May 12, 2009

Seagrasses in Tampa Bay bouncing back, partly thanks to drought

Craig Pittman, St. Petersburgh Times 11 May 09;

The leading indicator of Tampa Bay's health is the size of its sea grass beds — and the latest figures, released Monday, show they are now covering more of the bay than any time since the 1950s.

One big reason: the drought that's been going on for the past three years, which has led to the tightest lawn-sprinkling restrictions in history.

Less rainfall and less lawn-watering means less polluted stormwater runoff flowing into the bay and killing sea grass beds, explained Kris Kaufman, the state scientist in charge of the seagrass study.

"Less runoff is great for the bay," said Kaufman, who works for the Southwest Florida Water Management District.

Tampa Bay now has about 29,647 acres of sea grass, which is 1,300 acres more than the last time the scientists checked two years ago.

Hillsborough Bay, traditionally the most polluted area of Tampa Bay, nearly doubled its sea grass coverage, from 415 to 810 acres in the two-year period. The biggest increases were documented in Middle Tampa Bay , which extends from the Gandy Bridge to the Manatee County line, where sea grasses expanded by 31 percent.

Tampa Bay is Florida's largest open-water estuary, covering 398 square miles at high tide.

Sea grasses are crucial to the bay's health because they provide food and shelter for a wide variety of fish and other marine species. They filter impurities in the water and stabilize the bay bottom's shifting sands. To thrive, sea grass needs water clear enough to admit a lot of light.

In the 1950s and '60s, dredging created land for development around the bay but wiped out much of its sea grass, hurting commercial and recreational fishing. Polluted runoff killed even more sea grass. By the early '90s, the bay had lost 80 percent of its sea grass, more than anywhere else in Florida.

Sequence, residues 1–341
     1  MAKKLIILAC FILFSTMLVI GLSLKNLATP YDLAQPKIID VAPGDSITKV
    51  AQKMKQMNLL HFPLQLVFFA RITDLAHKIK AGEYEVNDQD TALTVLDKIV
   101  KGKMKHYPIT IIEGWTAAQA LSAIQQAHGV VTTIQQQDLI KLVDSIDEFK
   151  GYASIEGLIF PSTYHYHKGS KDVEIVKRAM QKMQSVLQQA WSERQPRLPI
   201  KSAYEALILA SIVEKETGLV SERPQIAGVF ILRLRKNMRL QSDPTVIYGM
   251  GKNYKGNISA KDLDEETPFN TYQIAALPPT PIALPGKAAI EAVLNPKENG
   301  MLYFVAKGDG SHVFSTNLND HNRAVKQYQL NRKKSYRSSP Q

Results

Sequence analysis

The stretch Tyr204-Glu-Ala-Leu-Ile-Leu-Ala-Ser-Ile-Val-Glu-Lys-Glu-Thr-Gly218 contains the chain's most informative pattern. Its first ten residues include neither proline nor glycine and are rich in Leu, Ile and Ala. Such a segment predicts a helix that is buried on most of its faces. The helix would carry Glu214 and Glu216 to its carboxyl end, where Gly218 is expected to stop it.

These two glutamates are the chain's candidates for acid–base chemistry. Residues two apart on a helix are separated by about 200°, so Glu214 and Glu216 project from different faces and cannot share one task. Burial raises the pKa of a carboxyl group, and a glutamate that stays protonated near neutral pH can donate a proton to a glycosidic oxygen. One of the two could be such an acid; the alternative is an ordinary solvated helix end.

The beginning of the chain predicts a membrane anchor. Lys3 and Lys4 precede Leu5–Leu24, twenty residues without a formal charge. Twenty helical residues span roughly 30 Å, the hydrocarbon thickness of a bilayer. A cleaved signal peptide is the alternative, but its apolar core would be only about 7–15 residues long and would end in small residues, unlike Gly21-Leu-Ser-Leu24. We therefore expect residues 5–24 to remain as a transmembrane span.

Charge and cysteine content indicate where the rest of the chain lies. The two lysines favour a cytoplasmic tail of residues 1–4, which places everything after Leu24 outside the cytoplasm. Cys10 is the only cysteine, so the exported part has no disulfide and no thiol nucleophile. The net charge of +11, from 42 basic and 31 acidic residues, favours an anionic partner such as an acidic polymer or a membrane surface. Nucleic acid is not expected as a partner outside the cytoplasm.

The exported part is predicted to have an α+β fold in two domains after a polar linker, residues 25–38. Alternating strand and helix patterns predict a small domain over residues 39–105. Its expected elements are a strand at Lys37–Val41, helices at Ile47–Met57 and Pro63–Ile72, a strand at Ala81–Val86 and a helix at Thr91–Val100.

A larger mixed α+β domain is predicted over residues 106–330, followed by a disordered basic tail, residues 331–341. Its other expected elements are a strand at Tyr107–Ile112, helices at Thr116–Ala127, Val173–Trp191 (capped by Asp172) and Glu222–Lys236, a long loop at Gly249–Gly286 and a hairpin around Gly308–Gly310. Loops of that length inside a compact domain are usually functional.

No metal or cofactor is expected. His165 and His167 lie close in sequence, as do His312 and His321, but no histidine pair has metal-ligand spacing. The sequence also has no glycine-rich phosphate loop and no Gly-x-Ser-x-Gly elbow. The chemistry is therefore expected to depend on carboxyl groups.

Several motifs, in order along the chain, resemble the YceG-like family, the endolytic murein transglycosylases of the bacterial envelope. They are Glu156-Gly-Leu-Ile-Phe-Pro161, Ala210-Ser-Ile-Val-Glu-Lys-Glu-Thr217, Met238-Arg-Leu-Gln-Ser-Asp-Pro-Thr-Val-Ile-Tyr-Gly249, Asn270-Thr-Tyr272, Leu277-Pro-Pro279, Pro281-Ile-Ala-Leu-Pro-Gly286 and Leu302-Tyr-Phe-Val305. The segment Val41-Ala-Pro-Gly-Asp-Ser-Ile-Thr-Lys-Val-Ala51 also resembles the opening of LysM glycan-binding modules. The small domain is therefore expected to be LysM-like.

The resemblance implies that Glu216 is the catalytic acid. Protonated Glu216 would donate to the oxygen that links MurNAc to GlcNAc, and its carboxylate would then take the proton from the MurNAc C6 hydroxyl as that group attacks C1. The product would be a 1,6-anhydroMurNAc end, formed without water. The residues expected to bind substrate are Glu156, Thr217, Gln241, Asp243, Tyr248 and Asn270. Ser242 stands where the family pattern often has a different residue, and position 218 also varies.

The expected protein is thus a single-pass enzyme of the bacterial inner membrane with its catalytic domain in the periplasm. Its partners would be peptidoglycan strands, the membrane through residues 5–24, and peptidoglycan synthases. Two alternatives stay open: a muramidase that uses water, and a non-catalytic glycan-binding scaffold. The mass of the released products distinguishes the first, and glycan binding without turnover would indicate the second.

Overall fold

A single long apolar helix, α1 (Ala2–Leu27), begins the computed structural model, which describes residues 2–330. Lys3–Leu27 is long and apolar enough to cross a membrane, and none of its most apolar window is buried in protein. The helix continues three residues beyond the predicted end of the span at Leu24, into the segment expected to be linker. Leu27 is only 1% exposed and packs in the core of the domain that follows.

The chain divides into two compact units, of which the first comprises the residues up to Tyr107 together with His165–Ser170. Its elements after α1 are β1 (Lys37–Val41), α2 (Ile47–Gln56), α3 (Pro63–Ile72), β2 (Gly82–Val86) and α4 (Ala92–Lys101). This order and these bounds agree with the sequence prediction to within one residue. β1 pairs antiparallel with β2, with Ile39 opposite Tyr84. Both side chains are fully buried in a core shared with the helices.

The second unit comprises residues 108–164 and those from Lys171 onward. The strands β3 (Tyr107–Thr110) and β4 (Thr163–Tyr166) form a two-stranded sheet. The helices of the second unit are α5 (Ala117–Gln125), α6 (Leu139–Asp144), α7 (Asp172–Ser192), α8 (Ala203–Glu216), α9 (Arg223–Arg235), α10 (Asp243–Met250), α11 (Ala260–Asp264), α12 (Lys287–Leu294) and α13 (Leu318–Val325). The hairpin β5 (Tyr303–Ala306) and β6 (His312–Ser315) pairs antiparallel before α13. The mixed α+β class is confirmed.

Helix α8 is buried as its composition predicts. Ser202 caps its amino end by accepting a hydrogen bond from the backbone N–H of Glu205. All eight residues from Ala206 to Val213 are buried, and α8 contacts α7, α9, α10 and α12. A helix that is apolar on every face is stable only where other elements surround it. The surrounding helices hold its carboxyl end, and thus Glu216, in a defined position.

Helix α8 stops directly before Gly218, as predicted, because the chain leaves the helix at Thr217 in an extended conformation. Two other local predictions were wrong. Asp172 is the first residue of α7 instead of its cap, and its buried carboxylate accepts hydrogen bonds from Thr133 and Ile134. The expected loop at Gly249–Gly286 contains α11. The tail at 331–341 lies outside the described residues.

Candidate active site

The Tampa Bay Estuary Program, created by Congress in 1991, wants to build the bay back up to its 1950s level of 38,000 acres of sea grass. The latest findings by the agency commonly known as Swiftmud mark the highest amount so far.

In addition to the drought, estuary program director Holly Greening attributed the sea grass increase to efforts to cut back on fertilizer use among homeowners, thus curtailing the amount of nitrogen pollution flowing into area waterways.

Greening also pointed out that the region's utilities have cut the amount of nitrogen oxide pollution pouring out of their power plant smokestacks, to settle into the bay. And as more and more homeowners use reclaimed water for their lawns, sewer plants dump less treated sewage directly into the bay, which also cuts the amount of nitrogen, she said.

All told, the estuary program estimates that over the past decade Tampa Bay businesses and residents have reduced the nitrogen flowing into the bay by more than 400 tons, even as the region's population grew by nearly a million people.

A few places in the bay still showed declines in sea grass coverage during the past two years — Boca Ciega Bay, Terra Ceia Bay and the Manatee River. But all three are places where sea grass had been on the rebound previously, so scientists are not all that worried about them at this point.

Both Kaufman and Greening said they hope that, once rainfall returns to a more normal level, the gains the bay has seen in sea grass will not be wiped out.

"I think we'll continue to map increases," Kaufman said.

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